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Taiwan FDA established an analytical method to identify edible animal fats adulterated with vegetable ingredient-contained cooked oils

  • Data Source:Food and Drug Administration, Ministry of Health and Welfare
  • Created:2017-07-20
  • Last Updated:2017-07-20

Taiwan Food and Drug Administration (TFDA) has discovered target compounds for the identification of animal fats adulterated with vegetable ingredient-contained cooked oils by liquid chromatography tandem-mass spectrometry (LC-MS/MS). This result has been published in the journal “Food Control” in 2017. This is the first time using target compounds for the identification of adulterated animal fats by chemical analysis techniques.

Edible animal fats, such as lard and tallow, are widely used in pan-frying, stir-frying and deep-frying due to a desirable flavor which differs from that of vegetable oils, particularly in Asian countries. In 2014, a Taiwanese trader was discovered to have added cooked oil to lard in order to reduce production costs. It caused great economic loss to catering industry, affected public health, and highlighted the importance of analytical methods which can reliably identify adulterated animal fats.

Since the oil refining process reduces the values of most common quality indexes in these adulterated animal fats, there are currently no effective methods to discriminate between refined cooked oils and natural edible oils. Phytosterols are sterols in plants, and the contents of major phytosterols are not significantly affected by the oil refining process. Therefore, TFDA established an analytical method by detecting four common phytosterols (campesterol, stigmasterol, β-sitosterol and β-sitostanol) using LC-MS/MS for the determination of adulterated animal fats contaminated with cooked oils.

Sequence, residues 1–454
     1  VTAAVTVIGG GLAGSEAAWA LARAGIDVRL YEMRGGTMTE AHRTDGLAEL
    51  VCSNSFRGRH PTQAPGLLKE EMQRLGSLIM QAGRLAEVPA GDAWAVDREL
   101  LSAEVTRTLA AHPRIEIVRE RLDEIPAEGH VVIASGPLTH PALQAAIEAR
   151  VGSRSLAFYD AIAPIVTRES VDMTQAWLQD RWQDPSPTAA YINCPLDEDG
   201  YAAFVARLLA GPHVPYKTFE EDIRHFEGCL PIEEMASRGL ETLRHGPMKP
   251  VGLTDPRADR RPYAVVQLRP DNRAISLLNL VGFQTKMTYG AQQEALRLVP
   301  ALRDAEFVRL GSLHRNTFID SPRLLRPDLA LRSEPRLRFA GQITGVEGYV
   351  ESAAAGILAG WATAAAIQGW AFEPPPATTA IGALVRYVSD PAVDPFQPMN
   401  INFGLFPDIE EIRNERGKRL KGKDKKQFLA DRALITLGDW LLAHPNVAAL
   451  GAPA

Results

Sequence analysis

The phytosterol contents in inspected lard samples from companies that had been found guilty of adulterating lard in 2014 were higher than that found in homemade and commercial lard samples. In these inspected lard samples, the phytosterol contents in crude lard were higher than those in refined lard samples. Findings from this study suggest that phytosterols could be great candidates for the determination of adulterated animal fats.

This method is useful to screen out the animal fats which were most likely adulterated with refined cooked oils and could be used in conjunction with other analytical methods and adulteration inspections to strengthen judgments made in a court of law and to improve the quality of animal fats.

TFDA shows the outstanding technology after years of development. The authority will use this novel analytical method to monitor the crude lards in origins accompany with inspection result to prevent animal fats from adulterating with cooked oils. TFDA continuously develops new analytical methods for food management to protect the public health.